In Universal’s next outing for Frankenstein, they would team him up with one of their other properties, The Wolf Man, and together they would make history. This would be the first time that any of the monsters from any studio would team up together in one film and it would set the stage for many more to come. But as the first, it is the best with the slightly damaged Lawrence Talbot seeking out help for his condition and coming across the even more damaged monster, the progeny of Henry Frankenstein. With only a year having passed since the release of the last film, Frankenstein Meets The Wolf Man would rejuvenate the franchise and if one had ever wondered what would have happened if the two creatures would have ever met, this film answers that question. Not only is it a sequel to The Ghost of Frankenstein, but also to The Wolf Man as the film also continues the trials and travails of Lawrence Talbot and his curse.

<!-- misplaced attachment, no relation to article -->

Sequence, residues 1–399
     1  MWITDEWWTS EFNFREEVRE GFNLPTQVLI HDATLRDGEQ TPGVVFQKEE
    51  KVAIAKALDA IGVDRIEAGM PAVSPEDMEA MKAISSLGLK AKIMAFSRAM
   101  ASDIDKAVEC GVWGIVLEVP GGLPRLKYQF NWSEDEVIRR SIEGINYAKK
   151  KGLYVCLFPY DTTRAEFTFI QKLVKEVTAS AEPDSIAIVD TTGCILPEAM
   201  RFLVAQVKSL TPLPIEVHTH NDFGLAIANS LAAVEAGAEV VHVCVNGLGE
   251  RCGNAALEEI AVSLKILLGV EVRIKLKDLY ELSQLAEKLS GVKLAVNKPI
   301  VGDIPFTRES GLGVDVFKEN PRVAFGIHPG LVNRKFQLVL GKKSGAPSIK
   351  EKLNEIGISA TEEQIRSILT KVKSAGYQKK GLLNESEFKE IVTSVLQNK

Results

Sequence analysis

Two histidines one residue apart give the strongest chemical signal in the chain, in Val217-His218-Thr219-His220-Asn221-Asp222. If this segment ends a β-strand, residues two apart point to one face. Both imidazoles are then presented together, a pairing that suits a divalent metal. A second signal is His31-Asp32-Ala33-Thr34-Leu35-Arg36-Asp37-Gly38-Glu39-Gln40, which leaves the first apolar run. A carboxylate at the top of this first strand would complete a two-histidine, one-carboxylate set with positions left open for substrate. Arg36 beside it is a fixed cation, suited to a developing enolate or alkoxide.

Returning to the film are many of the actors from the aforementioned films such as Lionel Atwill, Bela Lugosi, Patric Knowles, Maria Ouspenskaya and Lon Chaney Jr. Even though the film did not carry a budget as large as those films and being delegated to B status, its direction by Roy William Neill and its overall look was much improved over the last. Gone were the brightly lit scenes and back were the darkened shadows and dimly lit sets that made most of the previous films as suspenseful and scary as they were. As such, the atmosphere was far more moody and grim and it looked more like a horror film whereas Ghost, did not. The movie would be darker not only in set design and lighting, but in nature itself as well thanks to the script by Curt Siodmak. Also aiding to this darker tone would be the performances from our various actors, specifically Lon Chaney Jr., who stars as the tortured and troubled Larry Talbot, who merely wants to die and the movie would essentially be a chronicle to that end.